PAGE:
ECR feature: Tatiana A. Shestakova on unveiling if global forests are performing in sync.

Tatiana A. Shestakova is a postdoc at the Woodwell Climate Research Center in the USA. She is an ecologist interested in understanding the reaction of trees to environmental change. Here, Tatiana shares her recent work on evaluating time series analysis on tree growth to evaluate synchrony in spatially segregated forests.

Tatiana Shestakova extracting a tree-ring core of Pinus sylvestris near the southern edge of its distribution range (Seira, north-eastern Spain).

Personal links. Personal site | Google Scholar | Research Gate

Institute. Woodwell Climate Research Center, USA

Academic life stage. Postdoctoral researcher

Major research themes. Dendroecology, Forest ecosystems, Global warming, Spatial synchrony, Remote sensing, Forest-based mitigation policies

Current study system. Trees play a major role in many terrestrial ecosystems, including those in tropical, temperate and boreal biomes. The wide geographic distribution of tree species coupled with their longevity makes them a primary source of long-term information on physiological and environmental processes across large biogeographical gradients. Notably, data from contemporary populations of trees can be extended by combining records from living and subfossil assemblages to provide continuous sequences at centennial or even millennial time scales. In a rapidly changing world, this wealth of information is very useful to retrospectively study the impacts of climate on forest ecosystems. In turn, our improved understanding of past tree reactions to variable environmental conditions is key to forecasting whether forest trees will be capable of evolving and adapting to global warming, which is fundamental to tackle the climate crisis.

Recent JBI paper. Shestakova, T. A., Camarero, J. J., & Voltas, J. (2021). Are global forests performing in sync? The need to account for spatiotemporal biases in tree-ring records. Journal of Biogeography, 48(11), 2961–2965. DOI:

Motivation behind this paper. In ecology, synchrony refers to parallel changes in time-varying features of geographically disjunct populations. The question of whether global forests are performing in sync has lately engrossed the minds of scientists working in the field of forest ecology and climate change. Indeed, climate has changed markedly over the last decades, prompting an array of physiological reactions in tree species that could strengthen growth–climate relationships. For example, in dry environments, warming-induced drought stress often makes trees gradually limited by water shortage which overrides local drivers of growth (e.g., topography, soil nutrients), resulting in enhanced common tree-ring signals regionally (i.e., more synchronous growth). Although this idea is simple and therefore attractive, real world systems are much more complicated than that. Despite current evidence of increased growth synchrony across local and regional forests, a systematic rise in common variability of annual tree growth globally, driven solely by climate warming, is unlikely. While relevant patterns may emerge from global analyses, our work challenges simplistic approaches to evaluate synchrony patterns in tree rings. It stresses the need for a comprehensive assessment of tree growth variability at appropriate biogeographical scales (i.e., from local to continental) as an effective tool to interpret current forest dynamics.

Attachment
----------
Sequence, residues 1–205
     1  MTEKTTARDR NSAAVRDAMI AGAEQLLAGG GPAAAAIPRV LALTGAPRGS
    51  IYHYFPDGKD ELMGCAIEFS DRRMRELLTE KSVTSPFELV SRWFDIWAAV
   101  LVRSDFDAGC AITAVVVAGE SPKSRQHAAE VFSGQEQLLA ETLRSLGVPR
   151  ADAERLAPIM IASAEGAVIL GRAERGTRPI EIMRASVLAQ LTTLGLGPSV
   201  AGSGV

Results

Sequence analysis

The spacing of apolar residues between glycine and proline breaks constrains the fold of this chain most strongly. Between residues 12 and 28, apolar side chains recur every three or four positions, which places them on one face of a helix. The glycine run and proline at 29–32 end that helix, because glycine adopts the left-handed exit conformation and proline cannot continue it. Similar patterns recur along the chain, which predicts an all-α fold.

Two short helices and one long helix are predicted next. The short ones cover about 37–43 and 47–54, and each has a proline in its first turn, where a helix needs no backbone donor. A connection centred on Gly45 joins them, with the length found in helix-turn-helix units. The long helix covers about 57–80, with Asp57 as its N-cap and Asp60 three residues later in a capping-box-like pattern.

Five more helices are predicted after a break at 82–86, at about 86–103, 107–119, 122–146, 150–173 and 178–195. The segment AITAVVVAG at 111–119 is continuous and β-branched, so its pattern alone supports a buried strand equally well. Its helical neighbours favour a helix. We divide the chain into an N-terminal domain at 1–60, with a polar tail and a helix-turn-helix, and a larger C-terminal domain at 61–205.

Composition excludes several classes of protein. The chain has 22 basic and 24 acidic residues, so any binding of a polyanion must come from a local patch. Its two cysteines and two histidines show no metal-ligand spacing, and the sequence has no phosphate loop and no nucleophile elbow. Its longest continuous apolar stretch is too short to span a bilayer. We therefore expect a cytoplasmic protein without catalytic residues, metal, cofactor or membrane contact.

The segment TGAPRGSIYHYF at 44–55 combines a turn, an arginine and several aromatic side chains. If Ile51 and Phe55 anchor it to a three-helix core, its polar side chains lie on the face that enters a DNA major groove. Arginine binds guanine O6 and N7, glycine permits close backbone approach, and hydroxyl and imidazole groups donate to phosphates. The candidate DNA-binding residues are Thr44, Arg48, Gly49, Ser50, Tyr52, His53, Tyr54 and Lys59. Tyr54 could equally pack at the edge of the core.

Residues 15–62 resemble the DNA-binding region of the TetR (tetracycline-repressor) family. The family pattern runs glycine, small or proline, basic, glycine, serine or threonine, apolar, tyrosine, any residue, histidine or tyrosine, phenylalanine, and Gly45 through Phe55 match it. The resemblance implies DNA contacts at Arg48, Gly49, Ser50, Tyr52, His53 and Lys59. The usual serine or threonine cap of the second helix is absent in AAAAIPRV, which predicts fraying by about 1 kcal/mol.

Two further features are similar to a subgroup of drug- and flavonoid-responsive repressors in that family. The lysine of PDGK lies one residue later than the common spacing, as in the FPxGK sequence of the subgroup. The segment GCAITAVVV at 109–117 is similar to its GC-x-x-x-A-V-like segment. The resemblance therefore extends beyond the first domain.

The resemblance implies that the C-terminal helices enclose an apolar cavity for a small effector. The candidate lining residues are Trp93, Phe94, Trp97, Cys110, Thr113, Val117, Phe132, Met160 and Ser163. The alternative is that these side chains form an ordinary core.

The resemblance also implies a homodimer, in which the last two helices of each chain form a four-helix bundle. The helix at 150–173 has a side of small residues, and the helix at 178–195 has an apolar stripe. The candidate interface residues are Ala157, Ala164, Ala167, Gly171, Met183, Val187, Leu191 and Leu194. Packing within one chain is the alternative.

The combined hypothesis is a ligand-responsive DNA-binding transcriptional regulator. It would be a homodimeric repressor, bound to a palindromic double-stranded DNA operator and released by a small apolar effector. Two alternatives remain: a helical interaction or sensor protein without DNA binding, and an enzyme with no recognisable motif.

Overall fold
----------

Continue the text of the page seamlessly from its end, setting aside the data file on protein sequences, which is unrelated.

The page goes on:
Gúdar mountain range dominated by Pinus halepensis. This conifer is one of the most drought-tolerant of all pine species thriving at low altitudes in the Mediterranean region (Gúdar, eastern Spain).

Key methodologies. Measurements of secondary growth patterns in trees – the ‘tree rings’ – are increasingly used to study the impacts of global change on forest ecosystems. Nowadays, thousands of tree-ring records are collected from forested areas across the globe and are often freely available (e.g., the International Tree-Ring Data Bank), allowing large-scale assessments of spatiotemporal changes in tree growth synchrony. However, the increasing biogeographical complexity of tree-ring patterns at progressively large scales of analysis requires advanced statistical approaches, as opposed to local studies. Here, we compare several methods for assessing synchrony patterns in tree-ring chronologies, including simple and variance-based correlations, which provide metrics for characterizing the strength and nature of the signal shared among time series. In addition, we critically review the utility of the mean absolute correlation between pairs of chronologies, which has been proposed as a metric of synchrony.